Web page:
“We worked hard because we knew everything was at stake,” Merab said.

Yet Liberian United Methodists recognize that Ellen Johnson-Sirleaf will need a lot of help to rebuild the country and to reconcile long-standing tensions between communities. Thompson reported that the United Methodist Church in Liberia has always been at the forefront of reconciliation and development efforts and having Johnson-Sirleaf as president will lend support to the church’s work.

“Ellen believes in educating the youth and building health clinics,” Thompson said. “She will help all the churches, of every denomination, develop Liberia.”

Many believe the fact that Johnson-Sirleaf is a United Methodist gives the church a special mandate to ensure that she receives the support she needs as well as lives up to her campaign promises.

“She is still a human being,” commented Richmond Dupre, lay leader of First United Methodist Church. “We as a church will continue to pray that God will endow her with wisdom.”

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A UMNS photo by Mary Miller

A woman is checked off the voter registration roll in Bomi County, Liberia.
He noted that if for some reason Johnson-Sirleaf falters on her promises, he will be the first to ask the bishop to remind her of her commitments. “She is a humble person, and the church will find every possible way to engage her because the job ahead of her is overwhelming,” Dupre said.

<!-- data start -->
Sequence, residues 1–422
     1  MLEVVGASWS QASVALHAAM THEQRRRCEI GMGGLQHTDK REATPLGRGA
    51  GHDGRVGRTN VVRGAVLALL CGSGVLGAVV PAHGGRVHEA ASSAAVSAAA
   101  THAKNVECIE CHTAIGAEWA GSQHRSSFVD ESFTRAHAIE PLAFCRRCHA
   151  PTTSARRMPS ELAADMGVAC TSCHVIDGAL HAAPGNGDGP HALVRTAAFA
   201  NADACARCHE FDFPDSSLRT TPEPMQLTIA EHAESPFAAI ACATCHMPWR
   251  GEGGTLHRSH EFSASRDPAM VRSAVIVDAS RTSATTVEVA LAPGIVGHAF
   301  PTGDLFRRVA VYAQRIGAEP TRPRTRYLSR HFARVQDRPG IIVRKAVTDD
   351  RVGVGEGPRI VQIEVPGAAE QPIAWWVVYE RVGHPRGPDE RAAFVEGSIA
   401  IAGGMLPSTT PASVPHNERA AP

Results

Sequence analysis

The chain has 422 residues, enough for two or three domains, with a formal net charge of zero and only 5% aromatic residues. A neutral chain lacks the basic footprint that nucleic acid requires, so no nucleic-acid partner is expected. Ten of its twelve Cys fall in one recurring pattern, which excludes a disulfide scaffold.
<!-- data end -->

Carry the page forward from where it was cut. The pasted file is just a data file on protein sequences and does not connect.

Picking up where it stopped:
Bishop John Innis has been involved in the reconciliation efforts, and during the United Methodist Council of Bishops’ Oct. 30-Nov. 4 meeting, he asked his colleagues to pray for Liberia during the elections.

Liberian United Methodists are developing ways to work with a Johnson-Sirleaf administration as well as to be independent from it. The Liberian Annual Conference has created the Liberian United Methodist Empowerment Foundation to help the church’s work in education, health and agricultural development as well as to support clergy throughout the country.

The fund is intended to help build the capacity of ordinary Liberians through livelihood support projects and training, among other things. The foundation is building an endowment fund, which receives support through the denomination’s Advance for Christ and His Church giving program (Advance Special #14368T).

“People here depend on the government for everything” said Merab, the foundation’s co-chairman. While stressing that the church will work with Johnson-Sirleaf wherever possible, he noted that “it’s important for the church to be in a position of independence from the government.”

“The United Methodist Church will stand strong, preaching the message of the gospel, if the leader goes wrong,” commented Rev. Weh Weah Betieh, pastor of First United Methodist Church in Buchanan, Grand Bassa County. “The church is not separate from politics — even Jesus was a politician.”

*Miller is assistant program coordinator for the Democracy Program at the Carter Center.